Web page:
4 Our primary purpose is to help others recover from drug addiction, an illness that claims the lives of many and condemns still more to live in perpetual misery. Before coming to DAA, many of us sought other kinds of help, but nothing seemed to work for us in the long run. We began to suspect we were hopeless cases. So it came as a relief to learn that if we are willing to take action and follow the example of those who have gone before us, the solution offered in DAA is guaranteed to bring about a profound change in thought, attitude and behaviour. To recover successfully, a transformation of this kind is vital. DAA is open to anyone who has a desire to stop using any mind-altering substance. There are no membership fees or dues - indeed, no obligations whatsoever. Some important questions Do I need DAA? DAA is for people who can t regulate their drug use, or who can t stop using, or who, when they get clean, can t stay clean. We lack control over when or how much we use. Try as we might, we can t use drugs like other people people we see getting away with it and having fun. It may well be that we too used to get away with it, and had fun while it lasted, but not anymore. When it comes to drugs, we have lost the power of choice. Am I a drug addict? In DAA we identify ourselves as drug addicts and understand drug addiction as an illness. However, we never tell anyone they are an addict or that they have the illness of drug addiction. Instead, by describing our own experience of the illness, we help others to recognise its symptoms in themselves. The description given here may help you to draw your own conclusions. Why can t I control the amount I use? When we put a mind-altering substance into our bodies, we find we have little or no control over the amount we then take. Though we might start out saying I ll only do one or I ll use this bit and save the rest till later, we frequently 3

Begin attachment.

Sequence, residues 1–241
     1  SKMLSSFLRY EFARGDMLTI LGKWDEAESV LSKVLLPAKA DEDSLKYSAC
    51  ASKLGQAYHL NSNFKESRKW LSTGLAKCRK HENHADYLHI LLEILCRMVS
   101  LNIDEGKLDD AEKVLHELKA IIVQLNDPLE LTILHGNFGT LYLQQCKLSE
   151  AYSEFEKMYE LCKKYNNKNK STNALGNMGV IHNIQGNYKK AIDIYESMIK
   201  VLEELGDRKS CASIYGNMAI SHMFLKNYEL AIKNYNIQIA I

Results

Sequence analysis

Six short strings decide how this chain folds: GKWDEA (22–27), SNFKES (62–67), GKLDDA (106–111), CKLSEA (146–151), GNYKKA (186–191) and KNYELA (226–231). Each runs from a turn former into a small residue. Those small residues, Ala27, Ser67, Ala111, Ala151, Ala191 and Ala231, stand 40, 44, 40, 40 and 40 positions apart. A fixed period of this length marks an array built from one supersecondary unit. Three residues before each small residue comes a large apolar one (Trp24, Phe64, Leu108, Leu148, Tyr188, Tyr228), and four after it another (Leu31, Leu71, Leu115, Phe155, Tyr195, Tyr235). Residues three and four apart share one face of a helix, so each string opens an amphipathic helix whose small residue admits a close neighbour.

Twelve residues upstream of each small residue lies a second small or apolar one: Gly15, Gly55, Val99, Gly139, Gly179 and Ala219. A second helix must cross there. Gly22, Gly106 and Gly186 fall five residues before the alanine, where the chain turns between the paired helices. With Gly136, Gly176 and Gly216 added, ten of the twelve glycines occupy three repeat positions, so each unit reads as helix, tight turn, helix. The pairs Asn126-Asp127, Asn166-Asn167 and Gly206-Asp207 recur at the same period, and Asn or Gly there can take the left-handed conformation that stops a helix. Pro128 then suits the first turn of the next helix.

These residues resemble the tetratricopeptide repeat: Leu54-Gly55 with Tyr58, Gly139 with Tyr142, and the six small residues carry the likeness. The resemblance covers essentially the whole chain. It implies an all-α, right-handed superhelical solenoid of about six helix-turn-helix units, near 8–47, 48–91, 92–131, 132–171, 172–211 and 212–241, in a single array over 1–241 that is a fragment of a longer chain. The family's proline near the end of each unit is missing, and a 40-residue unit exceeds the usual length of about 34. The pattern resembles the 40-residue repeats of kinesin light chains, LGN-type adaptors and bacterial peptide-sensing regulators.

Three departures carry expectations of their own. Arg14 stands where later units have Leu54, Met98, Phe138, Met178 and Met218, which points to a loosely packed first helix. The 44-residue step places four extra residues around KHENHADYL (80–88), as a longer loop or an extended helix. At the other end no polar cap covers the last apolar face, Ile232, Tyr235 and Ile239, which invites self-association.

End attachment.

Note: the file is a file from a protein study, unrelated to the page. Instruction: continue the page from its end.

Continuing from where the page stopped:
5 end up using far more than we intended. We react physically to drugs by craving more drugs; our bodies, never satisfied, demand more and more. This phenomenon doesn t occur in non-addicts (this may include some people who use drugs heavily). Unlike them, once we get started we often have a baffling inability to stop, or even slow down. If we can t therefore use drugs moderately, the question is how to stop altogether. When I decide to stop, why can t I stick to my decision? When the drugs run out, or if something else compels us to stop, many of us swear that this time we are finished for good and mean it. But before too long the thought occurs to us that enough time has passed (perhaps only a day or two!) and that we should now be able to control our drug use. We can t adequately recall our recent experience of going completely overboard. We convince ourselves that this time it will somehow be different. We score drugs and begin the cycle once more. Because we can t keep the memory or thought of what happened last time firmly in our minds, the past consequences of our drug use do not deter us from using again. The idea that drugs will give us a sense of ease and comfort becomes too strong to resist. Due to what the Big Book calls a strange mental blank spot, the harm we caused ourselves and others, and the humiliation and misery we experienced even a day or two ago, does not prevent us from returning to drugs. The delusion that we can get away with it can be very subtle: we tell ourselves we ll only do a little bit or that using just once can t hurt me. At other times, we are seized with a sudden, overwhelming urge to go and score, regardless of the consequences. One way or another, the insane thought wins out time and time again. Some people mistakenly believe that to be a drug addict one must use so-called hard drugs or use drugs every day. But irrespective of the type or amount of drugs we use, it is these symptoms - the insane thinking that precedes our drug use and the physical craving once we start that distinguish us as drug addicts. Once these symptoms are established, we are in serious trouble. 4